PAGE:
Dark-Souls_2011_07-11-11_004“Well this looks like a positively divine staircase! I’ll just shuffle down here and OH MY FUCK WHAT IS THAT ARRRRGH-“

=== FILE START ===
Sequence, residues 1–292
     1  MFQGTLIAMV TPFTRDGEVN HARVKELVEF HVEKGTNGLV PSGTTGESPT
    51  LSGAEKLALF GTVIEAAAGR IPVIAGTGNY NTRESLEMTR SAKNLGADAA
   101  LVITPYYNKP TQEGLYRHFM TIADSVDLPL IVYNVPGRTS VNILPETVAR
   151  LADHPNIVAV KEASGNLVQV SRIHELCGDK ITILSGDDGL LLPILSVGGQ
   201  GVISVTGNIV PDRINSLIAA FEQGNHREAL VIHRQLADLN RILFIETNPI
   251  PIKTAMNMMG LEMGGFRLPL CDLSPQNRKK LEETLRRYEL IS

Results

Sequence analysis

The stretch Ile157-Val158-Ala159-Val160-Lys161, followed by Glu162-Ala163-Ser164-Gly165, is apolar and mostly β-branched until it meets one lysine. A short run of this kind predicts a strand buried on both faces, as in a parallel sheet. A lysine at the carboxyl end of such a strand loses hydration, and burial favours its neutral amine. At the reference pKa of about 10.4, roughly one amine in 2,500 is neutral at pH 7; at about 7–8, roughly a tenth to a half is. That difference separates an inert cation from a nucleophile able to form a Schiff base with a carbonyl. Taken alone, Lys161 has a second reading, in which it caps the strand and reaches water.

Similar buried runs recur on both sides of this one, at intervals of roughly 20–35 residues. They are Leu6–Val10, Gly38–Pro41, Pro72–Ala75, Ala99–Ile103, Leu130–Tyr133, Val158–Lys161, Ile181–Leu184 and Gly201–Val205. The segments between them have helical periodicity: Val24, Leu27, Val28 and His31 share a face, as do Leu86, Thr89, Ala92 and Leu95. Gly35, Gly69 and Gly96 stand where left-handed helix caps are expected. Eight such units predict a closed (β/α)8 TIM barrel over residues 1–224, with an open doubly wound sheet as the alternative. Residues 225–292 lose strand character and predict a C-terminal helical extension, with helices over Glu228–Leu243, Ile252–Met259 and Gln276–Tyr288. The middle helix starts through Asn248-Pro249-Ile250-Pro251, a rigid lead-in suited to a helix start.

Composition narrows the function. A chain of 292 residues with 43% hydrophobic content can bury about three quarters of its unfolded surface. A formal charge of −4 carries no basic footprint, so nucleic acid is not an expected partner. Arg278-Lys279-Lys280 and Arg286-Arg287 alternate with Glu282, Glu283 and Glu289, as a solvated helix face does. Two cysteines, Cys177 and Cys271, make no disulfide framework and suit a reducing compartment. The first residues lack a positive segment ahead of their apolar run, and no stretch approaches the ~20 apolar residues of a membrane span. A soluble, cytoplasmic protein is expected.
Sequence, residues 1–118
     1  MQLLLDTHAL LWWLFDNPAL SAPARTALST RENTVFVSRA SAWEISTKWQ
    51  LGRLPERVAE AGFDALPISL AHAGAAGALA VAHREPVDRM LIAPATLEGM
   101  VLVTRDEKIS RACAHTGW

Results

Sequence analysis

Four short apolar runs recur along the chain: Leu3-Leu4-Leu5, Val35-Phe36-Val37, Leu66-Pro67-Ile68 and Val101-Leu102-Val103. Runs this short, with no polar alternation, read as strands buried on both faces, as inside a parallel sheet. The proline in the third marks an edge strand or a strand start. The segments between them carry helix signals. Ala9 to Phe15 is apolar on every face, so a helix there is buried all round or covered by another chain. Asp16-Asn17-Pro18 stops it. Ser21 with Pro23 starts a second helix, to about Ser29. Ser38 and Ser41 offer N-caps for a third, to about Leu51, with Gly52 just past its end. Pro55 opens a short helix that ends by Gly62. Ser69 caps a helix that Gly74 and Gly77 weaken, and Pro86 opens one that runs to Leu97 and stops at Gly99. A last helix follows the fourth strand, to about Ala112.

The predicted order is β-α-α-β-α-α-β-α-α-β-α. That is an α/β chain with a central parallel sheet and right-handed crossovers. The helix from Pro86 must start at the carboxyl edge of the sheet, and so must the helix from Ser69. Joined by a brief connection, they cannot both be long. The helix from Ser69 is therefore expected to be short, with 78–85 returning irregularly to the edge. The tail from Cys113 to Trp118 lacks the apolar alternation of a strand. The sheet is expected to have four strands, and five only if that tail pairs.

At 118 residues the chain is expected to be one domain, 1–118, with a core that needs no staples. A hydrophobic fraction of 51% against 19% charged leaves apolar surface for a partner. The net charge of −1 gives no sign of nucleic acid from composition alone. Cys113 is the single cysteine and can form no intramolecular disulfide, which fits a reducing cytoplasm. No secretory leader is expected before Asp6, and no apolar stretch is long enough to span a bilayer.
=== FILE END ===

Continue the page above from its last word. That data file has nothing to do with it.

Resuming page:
Another aspect of the game that Souls detractors complain about. If you were not undead, you were open to invasions from other players at any time other than boss fights themselves. Undead phantoms looking to get back on top could use a different type of soul stone to penetrate space and time and invade your world. If they could successfully track and kill you in your reality they would return to their own world in human form, which was obviously the desired to state to be in for boss fights. Invasions were glorious PvP fests which could be equally hilarious and soul crushing. A number of times I was so intent on keeping my target in my sights that I completely neglected to notice the edge of a cliff or a swinging pendulum that would result in my swift death and banishment back to my own world, without the host ever landing a blow. But when I did achieve the goal of murdering my victim in a flurry of strikes, counter attacks and environmental trickery a wicked smile would form on my lips. Conversely, being unceremoniously bushwhacked by a sneaky thief role player and getting dragged kicking & screaming back to your own world was often heartbreaking. Not only were you relegated back to undead form you also lost all your souls, the game’s currency for everything including gaining levels and equipment. The added insult that it was an actual player who had done this to you and not the game’s AI made it all the more pitiful. Oh and did I mention that every time you die, no matter how you met your end, every single enemy in the zone respawns. You have one chance to get back to your bloodstain that appears where you were killed and reclaim your souls but if you die again enroute, they are gone for good.